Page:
Supported by the Czech Ministry of Health: IGA MZ ČR NT12282-5/2011 and MŠM 0021620849.

Secondary dystonia

Kaňovský P

Department of Neurology, Palacký University Medical School, Olomouc, Czech Republic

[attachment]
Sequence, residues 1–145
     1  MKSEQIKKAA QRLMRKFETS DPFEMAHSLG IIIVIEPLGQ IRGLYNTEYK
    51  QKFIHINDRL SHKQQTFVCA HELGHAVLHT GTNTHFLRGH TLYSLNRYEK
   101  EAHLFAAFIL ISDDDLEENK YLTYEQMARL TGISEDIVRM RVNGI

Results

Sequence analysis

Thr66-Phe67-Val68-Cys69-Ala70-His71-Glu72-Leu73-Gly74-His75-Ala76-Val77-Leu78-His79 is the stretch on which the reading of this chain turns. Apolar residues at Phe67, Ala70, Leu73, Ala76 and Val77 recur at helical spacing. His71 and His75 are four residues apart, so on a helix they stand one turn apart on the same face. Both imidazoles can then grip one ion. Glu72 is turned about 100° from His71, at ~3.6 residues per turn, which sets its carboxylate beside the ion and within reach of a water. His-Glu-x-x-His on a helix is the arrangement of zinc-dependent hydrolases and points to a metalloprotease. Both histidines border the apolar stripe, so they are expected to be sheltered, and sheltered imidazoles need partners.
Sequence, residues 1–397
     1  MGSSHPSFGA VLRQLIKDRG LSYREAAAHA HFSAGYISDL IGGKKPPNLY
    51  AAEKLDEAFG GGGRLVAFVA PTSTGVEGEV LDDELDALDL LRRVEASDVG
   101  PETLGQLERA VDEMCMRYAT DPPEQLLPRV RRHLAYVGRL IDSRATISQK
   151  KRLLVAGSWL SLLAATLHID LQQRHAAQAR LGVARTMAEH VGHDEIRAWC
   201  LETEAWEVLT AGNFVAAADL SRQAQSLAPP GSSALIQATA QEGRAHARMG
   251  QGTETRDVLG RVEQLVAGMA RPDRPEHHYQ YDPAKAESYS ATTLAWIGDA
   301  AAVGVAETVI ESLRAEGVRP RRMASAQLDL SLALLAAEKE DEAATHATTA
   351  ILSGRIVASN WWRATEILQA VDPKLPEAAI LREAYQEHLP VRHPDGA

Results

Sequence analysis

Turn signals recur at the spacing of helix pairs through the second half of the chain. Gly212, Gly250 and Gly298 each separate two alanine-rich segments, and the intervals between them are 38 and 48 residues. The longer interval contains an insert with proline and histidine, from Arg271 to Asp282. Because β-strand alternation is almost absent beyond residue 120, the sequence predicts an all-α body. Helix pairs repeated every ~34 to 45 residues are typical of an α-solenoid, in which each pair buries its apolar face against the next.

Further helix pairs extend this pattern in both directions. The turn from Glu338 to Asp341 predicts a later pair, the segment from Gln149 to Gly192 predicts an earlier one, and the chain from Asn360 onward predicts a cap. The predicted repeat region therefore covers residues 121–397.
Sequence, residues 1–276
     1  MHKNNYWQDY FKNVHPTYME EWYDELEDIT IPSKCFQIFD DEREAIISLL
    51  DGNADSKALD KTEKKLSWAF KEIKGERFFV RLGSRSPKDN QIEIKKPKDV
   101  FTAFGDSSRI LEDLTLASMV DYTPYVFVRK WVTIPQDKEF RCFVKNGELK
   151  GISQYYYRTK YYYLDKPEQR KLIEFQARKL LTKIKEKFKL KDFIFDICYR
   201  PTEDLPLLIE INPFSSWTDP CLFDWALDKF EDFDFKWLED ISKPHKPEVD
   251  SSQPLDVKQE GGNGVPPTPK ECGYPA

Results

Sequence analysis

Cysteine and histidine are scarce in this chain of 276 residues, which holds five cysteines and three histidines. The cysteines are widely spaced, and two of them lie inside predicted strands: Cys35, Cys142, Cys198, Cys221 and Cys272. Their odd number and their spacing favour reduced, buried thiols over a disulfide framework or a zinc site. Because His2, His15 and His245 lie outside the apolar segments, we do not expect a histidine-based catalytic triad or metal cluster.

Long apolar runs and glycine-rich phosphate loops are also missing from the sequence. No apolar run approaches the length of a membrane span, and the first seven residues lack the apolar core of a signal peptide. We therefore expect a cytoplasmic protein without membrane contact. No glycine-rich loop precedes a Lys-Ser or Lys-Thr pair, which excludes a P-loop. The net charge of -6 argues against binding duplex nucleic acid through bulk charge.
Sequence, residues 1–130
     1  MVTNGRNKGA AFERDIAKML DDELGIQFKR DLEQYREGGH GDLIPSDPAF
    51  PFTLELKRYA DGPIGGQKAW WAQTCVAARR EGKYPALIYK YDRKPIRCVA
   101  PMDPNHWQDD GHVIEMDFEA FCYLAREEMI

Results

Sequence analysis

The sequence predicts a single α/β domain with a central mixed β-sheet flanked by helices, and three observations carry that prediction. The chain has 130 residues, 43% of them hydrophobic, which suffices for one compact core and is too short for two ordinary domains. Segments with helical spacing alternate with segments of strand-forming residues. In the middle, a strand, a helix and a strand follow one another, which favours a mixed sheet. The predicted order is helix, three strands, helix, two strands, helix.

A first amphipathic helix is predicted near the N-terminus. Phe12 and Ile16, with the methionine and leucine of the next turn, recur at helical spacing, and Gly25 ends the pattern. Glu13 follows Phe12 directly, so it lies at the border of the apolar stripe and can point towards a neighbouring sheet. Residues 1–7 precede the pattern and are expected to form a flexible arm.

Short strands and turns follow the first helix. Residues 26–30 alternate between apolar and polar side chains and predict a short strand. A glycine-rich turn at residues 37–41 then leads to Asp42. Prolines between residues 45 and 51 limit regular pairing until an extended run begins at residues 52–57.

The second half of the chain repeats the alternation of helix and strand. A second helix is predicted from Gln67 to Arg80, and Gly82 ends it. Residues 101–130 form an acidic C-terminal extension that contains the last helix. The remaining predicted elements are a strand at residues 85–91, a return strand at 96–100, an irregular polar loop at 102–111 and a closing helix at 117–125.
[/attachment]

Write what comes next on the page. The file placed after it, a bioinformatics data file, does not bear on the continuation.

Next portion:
Dystonia, defined by the involuntary sustained muscle contractions resulting in the twisting movements or abnormal posturing of body parts, is always a diagnostic challenge. Probably the most important diagnostic issue is the differentiation between primary and secondary dystonia, or dystonia-plus syndrome. Secondary dystonia causes are numerous: brain lesions of various origins (but mainly ischemic), neurodegenerative diseases, exposure to drugs, metabolic diseases and many others. Incidence and prevalence data are rather limited. There were several large cohorts studied and published, in which the prevalence of secondary dystonia varied between 30–60%. This broad spectrum of prevalence rate jeopardise the epidemiological studies in primary dystonia, and undoubtedly makes the differential diagnosis of dystonia a difficult task. However, there are some pub­lished and confirmed clues which may help in the diagnostic process.